Experts predict record ad spending this election season, as much as $6 billion. As we brace for this tidal wave, says media literacy consultant Frank Baker, we need to prepare students to analyze the techniques of persuasion being used to sway votes and gain power.
Many millions of people who tune in to the 2019 Super Bowl will be there to watch the pricey, high-engagement commercials. Media literacy consultant Frank Baker explains how to teach about these “super ads,” approaching them as informational text worthy of close scrutiny and analysis.
Recent Stanford research found that today’s students have difficulty distinguishing media content created to inform from content designed to persuade and even deceive. Consultant Frank Baker shares some of his favorite short videos to help teachers address the problem.
As news organizations are increasingly folded into fewer and fewer media conglomerates, writes media literacy expert Frank Baker, their independence is left in doubt. He urges teachers to involve students in studies of “Big Media” as part of their civic education.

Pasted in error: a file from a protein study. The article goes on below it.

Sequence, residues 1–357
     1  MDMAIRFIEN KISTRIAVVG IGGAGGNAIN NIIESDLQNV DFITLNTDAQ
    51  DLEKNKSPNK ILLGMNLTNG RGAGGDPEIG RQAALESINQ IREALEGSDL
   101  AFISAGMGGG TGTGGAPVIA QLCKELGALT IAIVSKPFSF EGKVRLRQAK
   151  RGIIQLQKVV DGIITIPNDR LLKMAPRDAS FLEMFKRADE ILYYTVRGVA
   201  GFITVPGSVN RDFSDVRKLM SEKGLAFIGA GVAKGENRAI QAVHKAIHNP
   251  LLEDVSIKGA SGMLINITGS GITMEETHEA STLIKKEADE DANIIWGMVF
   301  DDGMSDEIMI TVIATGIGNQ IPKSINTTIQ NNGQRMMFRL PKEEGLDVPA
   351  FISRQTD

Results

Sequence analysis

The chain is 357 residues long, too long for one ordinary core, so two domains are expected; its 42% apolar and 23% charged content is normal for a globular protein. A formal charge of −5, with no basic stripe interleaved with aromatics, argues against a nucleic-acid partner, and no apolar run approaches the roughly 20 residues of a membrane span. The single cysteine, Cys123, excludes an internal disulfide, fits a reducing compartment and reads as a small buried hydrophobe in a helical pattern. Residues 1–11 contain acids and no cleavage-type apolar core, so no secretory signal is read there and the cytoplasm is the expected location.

As product placement ads invade more of our visual space, educators can use the trend as a hook to engage students in critical thinking about what it means to be media literate. Expert Frank Baker uses the NBA’s 2016-17 plans for jersey advertising as an example.
Advertising: it’s everywhere. As media literacy educators work to engage students in conversations about commercial marketing, we have to consider the close reading of print and video ads. Frank Baker provides starting points and resources for teachers.
Introducing the concept of product placement, using pop culture images and sporting events, is a great way to jump-start students’ critical viewing and grow their media literacy skills, says expert Frank Baker. Key questions for analysis included.